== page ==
With the aggregates out of the way, we can zoom in on some details. Eyeing the breakdown by format, we see that streaming is now the uncontested ruler at 65%. We can also readily see that this growth came about at least partly through cannibalizing unit sales – especially in the permanent download sphere. All very much as predicted years ago. Downloads and physical sales now account for roughly the same portion of total revenue – 15% and 17% respectively – but since downloads are declining much faster than physical sales – almost 25% v. not quite 4% – its likely that physical will be with us long after downloads are a memory.

This shouldn’t come as a surprise to anyone. Streaming offers pretty much the exact same experience as listening to music files, so anyone who told you that streaming wouldn’t eat downloads was either clueless or telling porkies.

Physical, on the other hand, is… interesting. I have made it abundantly clear over the years that I am a fan and now I can demonstrate why.

Across the digital domain – from subscription streaming to downloads – we see unit sales changes track the revenue changes almost percentage point by percentage point. This is decidedly not the case with physical.

CD unit shipments may have declined by 10.3%, but revenue only fell 6.5%. Vinyl shipments grew 5.3%, but vinyl revenue grew 9.3%. Most notably, other physical (including such exotic formats as cassettes, vinyl singles, SACDs and DVD Audio) saw shipments decline around 5%, but revenue actually grew almost 20%.

How do we explain such striking results? Elementary, My Dear Reader.

Ever since the iTunes Music Store launched, the industry had its digital pricing dictated to it by outside parties. Needless to say that neither Steve Jobs, back in the day, nor Daniel Ek these days, has our best interests at heart. With physical, the industry has a lot more to say in terms of pricing their products and this allows for revenue maximizing strategies that simply won’t be available in the streaming future everyone seems so set on.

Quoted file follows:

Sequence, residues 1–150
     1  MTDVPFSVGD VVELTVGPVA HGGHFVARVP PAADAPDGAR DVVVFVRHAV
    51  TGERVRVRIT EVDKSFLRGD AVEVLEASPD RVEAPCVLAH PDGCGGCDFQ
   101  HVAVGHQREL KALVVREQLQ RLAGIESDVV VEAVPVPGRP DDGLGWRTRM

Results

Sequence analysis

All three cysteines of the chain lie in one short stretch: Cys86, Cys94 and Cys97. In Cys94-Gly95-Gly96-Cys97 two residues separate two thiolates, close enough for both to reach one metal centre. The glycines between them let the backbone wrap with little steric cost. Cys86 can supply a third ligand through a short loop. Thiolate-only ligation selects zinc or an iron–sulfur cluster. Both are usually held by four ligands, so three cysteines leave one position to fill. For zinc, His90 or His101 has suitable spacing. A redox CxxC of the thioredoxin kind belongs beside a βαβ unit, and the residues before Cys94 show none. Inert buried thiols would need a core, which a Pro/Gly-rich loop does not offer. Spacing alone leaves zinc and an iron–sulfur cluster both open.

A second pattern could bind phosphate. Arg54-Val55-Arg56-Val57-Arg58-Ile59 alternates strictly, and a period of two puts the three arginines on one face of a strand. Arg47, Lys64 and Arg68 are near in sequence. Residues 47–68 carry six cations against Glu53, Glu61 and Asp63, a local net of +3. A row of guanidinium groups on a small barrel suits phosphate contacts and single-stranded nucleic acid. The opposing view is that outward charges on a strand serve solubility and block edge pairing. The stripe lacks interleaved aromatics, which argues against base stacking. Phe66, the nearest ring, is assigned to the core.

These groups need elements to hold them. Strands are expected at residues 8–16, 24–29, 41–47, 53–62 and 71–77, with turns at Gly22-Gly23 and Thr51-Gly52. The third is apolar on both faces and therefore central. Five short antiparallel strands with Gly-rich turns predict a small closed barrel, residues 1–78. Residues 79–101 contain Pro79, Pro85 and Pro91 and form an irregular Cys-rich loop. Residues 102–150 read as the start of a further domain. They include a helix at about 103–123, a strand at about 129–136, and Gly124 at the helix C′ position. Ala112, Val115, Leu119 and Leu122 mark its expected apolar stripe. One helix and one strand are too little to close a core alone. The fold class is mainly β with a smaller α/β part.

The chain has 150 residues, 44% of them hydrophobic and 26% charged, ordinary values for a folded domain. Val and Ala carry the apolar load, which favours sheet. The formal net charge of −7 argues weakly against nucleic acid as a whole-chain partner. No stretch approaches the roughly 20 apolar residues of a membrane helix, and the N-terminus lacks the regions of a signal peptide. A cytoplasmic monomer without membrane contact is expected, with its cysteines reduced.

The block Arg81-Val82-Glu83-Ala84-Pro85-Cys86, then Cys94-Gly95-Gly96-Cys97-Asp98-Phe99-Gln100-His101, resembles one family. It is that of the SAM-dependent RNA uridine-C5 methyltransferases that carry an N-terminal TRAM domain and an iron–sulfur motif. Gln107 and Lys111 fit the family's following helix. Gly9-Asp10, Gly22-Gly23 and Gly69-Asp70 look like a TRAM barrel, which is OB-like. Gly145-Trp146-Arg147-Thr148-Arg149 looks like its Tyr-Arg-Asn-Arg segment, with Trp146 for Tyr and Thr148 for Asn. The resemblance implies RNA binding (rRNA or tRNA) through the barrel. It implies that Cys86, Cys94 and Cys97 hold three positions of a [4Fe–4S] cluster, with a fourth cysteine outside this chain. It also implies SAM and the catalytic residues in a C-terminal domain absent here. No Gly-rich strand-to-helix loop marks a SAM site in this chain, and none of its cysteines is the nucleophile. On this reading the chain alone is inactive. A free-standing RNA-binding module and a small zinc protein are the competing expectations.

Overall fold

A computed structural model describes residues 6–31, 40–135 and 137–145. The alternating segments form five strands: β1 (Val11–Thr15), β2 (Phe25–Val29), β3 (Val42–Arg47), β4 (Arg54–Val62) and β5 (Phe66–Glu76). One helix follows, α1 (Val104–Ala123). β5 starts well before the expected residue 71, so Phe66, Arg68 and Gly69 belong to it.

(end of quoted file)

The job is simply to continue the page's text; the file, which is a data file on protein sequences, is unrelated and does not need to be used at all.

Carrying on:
This sets a cap on possible industry revenue, of course. As streaming accounts for an ever greater part of industry revenues, the more we are forced to accept the terms dictated to us. Also, we should always keep in mind that streaming will reach a saturation point. Once everyone has a subscription, there’s no more growth to be had, period. I sincerely doubt we’ll make back the post-Napster losses till then.

This future is not inevitable, no matter what anyone would have you think. Lest we forget, it is we – the music industry in general – that hold the keys to the kingdom. Folks like Spotify think they’ve built a valuable product, but the truth is that without our music it is worthless. We can set the terms – if we so choose.

That is unless the streamers manage to convince legislators to enshrine their POS business model in an equally POS bit of legislation, such as the Music Modernization Act…

But that’s a story for another day.